If Stardust and Strange the Dreamer had a love child with more straightforward prose, I imagine you’d get something similar to The Wood Bee Queen.

The book caught my eye because of its clever, quirky title and beautiful, just as quirky cover, although even after having read it, the royal bloodline’s connection to bees, besides being their last name, still elludes me... Almost as if the whimsical fairytale name were deliberately chosen just for the sake of being whimsical and quirky witho
...more
Susanna
Jun 16, 2021 rated it really liked it  ·  review of another edition
Wood Bee Queen is the kind of timeless fantasy that could come from any era. The narrative is lingering, the point of view is slightly distant, and the language is beautiful. It’s set in an imaginary English seaside town with a connection to—and mythical knowledge of—a faery world beneath the sea, the Realm. It’s probably always summer.

Ebbie is a twenty-something librarian whose carefully organised life is at crossroads, because his library has been closed. He doesn’t want to look for a new job,
...more
Fabienne Schwizer
Jun 09, 2021 rated it really liked it
I think the best way to describe The Wood Bee Queen is to say that it’s a children’s fantasy adventure for adults. This does not mean that it’s a childish book or a story without depth, but that its form as a portal fantasy, coupled with a fairy-tale style world and its use of a deus ex machina plot device is most often found in that area. As I love both adult fantasy and children’s books, I thought this was a really cool concept and I really enjoyed my reading experience.

The Wood Bee Queen is h
...more
Mark Redman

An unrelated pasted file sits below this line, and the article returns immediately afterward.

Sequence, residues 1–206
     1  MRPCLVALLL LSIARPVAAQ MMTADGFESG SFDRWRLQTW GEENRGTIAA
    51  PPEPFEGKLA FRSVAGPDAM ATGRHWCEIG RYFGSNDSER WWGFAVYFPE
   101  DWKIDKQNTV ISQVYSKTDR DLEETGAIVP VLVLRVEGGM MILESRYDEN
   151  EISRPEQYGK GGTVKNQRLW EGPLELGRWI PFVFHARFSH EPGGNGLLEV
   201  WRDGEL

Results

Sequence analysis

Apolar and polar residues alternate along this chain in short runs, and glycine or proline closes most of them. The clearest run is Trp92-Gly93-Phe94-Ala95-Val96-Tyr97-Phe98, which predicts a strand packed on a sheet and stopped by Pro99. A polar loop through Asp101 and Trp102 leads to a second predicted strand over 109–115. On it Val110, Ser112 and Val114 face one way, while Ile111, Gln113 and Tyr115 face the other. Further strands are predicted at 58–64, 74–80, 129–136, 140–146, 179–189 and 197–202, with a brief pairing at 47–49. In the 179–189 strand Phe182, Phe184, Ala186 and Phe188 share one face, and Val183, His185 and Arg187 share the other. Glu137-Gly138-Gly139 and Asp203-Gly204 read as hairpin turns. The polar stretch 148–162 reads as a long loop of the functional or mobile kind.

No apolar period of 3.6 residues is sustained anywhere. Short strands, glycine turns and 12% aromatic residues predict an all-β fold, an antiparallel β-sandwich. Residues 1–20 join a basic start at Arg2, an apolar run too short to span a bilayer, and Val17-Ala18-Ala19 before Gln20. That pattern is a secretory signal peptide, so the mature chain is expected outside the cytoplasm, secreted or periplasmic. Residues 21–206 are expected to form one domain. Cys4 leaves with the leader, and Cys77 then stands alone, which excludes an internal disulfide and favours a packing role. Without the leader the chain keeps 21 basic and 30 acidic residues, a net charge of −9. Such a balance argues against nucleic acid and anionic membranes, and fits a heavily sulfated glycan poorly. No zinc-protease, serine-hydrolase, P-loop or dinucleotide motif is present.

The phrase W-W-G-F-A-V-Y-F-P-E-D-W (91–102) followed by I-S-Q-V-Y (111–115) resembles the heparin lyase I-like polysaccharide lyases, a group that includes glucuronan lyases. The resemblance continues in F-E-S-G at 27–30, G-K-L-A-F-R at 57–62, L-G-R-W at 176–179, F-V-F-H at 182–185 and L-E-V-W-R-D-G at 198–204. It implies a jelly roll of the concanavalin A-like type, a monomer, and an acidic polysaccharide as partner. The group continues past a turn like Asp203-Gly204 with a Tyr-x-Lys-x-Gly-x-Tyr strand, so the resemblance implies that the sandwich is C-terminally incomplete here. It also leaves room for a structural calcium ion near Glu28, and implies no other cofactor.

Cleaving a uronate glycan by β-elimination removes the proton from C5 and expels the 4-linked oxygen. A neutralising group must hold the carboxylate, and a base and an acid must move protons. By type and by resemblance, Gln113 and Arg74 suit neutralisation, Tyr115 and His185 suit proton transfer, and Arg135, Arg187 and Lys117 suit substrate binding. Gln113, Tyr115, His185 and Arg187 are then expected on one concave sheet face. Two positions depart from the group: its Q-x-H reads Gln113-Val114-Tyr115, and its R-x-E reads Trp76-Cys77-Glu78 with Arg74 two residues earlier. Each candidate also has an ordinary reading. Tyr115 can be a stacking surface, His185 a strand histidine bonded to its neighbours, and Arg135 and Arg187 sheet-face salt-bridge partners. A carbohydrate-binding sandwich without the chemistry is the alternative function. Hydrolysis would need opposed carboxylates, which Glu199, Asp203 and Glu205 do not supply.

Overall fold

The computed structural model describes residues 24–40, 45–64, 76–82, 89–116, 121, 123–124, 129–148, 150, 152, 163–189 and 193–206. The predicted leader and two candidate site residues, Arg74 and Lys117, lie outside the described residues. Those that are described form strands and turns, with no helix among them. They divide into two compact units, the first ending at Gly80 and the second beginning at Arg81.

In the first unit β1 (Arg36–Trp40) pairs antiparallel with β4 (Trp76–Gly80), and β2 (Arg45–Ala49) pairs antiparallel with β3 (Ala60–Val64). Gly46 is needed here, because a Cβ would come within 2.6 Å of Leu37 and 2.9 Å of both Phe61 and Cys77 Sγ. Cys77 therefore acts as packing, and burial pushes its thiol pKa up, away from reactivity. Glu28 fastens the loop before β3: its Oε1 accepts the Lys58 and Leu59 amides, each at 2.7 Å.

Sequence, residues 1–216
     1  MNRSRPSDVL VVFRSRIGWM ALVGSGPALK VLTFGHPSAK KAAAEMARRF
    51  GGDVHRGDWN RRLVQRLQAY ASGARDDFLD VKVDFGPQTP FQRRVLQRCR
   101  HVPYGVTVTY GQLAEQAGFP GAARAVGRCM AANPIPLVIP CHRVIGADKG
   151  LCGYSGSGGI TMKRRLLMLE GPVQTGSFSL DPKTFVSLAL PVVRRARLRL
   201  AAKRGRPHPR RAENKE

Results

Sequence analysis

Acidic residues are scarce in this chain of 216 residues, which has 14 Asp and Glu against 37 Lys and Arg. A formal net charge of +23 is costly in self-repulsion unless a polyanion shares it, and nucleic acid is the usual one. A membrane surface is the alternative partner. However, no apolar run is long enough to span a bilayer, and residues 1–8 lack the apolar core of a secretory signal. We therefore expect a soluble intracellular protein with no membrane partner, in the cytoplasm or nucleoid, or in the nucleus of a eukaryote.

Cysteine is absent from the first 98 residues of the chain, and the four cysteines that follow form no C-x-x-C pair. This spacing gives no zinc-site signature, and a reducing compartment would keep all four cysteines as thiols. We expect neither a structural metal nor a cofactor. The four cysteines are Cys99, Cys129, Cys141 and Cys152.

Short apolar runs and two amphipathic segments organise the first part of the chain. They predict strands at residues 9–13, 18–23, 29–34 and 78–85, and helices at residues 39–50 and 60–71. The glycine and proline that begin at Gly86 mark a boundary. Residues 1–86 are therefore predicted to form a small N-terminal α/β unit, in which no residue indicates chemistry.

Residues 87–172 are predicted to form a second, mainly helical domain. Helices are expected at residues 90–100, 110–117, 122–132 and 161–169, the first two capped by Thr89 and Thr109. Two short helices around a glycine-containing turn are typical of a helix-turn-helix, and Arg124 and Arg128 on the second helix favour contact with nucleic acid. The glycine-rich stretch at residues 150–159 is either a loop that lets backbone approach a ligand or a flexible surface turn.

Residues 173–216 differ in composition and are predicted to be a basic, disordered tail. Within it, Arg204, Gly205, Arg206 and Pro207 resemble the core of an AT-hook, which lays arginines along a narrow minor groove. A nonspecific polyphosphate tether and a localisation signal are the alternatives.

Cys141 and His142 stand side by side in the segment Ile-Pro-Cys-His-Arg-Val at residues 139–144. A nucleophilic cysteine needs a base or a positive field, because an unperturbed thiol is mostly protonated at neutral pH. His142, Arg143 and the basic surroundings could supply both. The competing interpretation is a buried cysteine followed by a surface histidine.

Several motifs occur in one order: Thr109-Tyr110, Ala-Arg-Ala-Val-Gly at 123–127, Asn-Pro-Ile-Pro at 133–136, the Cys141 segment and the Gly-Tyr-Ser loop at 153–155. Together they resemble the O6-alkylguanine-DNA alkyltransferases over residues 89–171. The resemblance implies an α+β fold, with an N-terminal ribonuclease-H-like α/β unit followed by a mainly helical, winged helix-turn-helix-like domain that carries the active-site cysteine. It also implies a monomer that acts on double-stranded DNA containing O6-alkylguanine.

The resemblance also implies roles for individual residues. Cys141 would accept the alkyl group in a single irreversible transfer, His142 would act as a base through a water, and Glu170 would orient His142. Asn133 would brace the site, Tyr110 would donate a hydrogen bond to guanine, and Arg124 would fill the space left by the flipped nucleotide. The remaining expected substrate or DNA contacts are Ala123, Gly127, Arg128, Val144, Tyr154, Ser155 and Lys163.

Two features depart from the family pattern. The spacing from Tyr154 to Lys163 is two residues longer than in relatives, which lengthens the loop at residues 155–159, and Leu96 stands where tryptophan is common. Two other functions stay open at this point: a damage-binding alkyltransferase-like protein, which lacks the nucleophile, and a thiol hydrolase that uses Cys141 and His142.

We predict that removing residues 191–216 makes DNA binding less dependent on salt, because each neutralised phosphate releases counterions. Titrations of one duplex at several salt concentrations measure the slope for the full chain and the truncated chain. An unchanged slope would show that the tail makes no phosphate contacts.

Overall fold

Jun 09, 2021 rated it really liked it
Shelves: fantasy
The Wood Bee Queen by Edward Cox

The Wood Bee Queen feels like a good old-fashioned portal fantasy. Ebbie, our protagonist is working as a Librarian of a soon-to-be-closed library in a place called 'Strange Ground by the Skea.' Throughout his time working in the library, he befriends Mai, a homeless woman. Mai tells him stories of the realm or, a mythical world called 'Strange Ground Beneath the Skea.' This realm is connected by a magical bridge, there are loads of parallels between the two plac
...more
Amy Burt
May 16, 2021 rated it it was amazing  ·  review of another edition
The Wood Bee Queen is one of those homages to classic story telling that reminds me why I love picking up a book and going anywhere with infinite possibilities on each page.
Yandira is a delicious villain, Ebbie a true hero, brave and charming and a librarian, the hero is a librarian!!!!! The parallels between the 2, both sides written so richly, it was a joy to read. I wasn’t as keen on Bek, the majority of the characters in this book have terrible things happen to them but Bek is the only one r
...more
Annarella
Jun 05, 2021 rated it it was amazing
Edward Cox is a very talented creators of fascinating universe and his story never disappoints or fails to keep you hooked.
The Wood Bee Queen is another well written, gripping and entertaining story. A standalone book that I loved and I was sad when it ended.
It's a slow burning story and we met the unlikely heroes: Ebbie and Bek. Both are interesting even if I prefer Ebbie the shy and skeptic librarian.
The character development is excellent and all the characters are fleshed out.
I loved the wor
...more
Hannah
Jun 07, 2021 rated it really liked it
I kindly received a copy for review from Netgalley.

The Wood Bee Queen was an enjoyable read. The main character, Ebbie, finds himself transported into a story. Underneath his own town there's another and in this town there's magic. The world is like ye olde England and it was certainly charming to read about. The second lead, Bek Rana, had a fascinating back story that's revealed throughout the book. She unwillingly helps Ebbie on his quest.

The magic system was good and the world was convincing
...more
Chris Palfreyman
May 02, 2021 rated it really liked it
I very much liked the description of this book. All in all it was an enjoyable and interesting read.
I struggled sligthly to get into it at first : the reader is (voluntarily) left in the dark about some of the history surrounding the story. But once you are into it and have understood the powers in play and the way the world works the story is interesting and well paced.
If you are looking for an easy to read, stand-alone fantasy novel with strong female characters and you enjoy fantasy based in
...more
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Author of THE RELIC GUILD trilogy (The Relic Guild, The Cathedral of Known Things, The Watcher of Dead Time) published by Gollancz. Represented by Howard Morhaim Literary Agency. Daddy, husband, reader.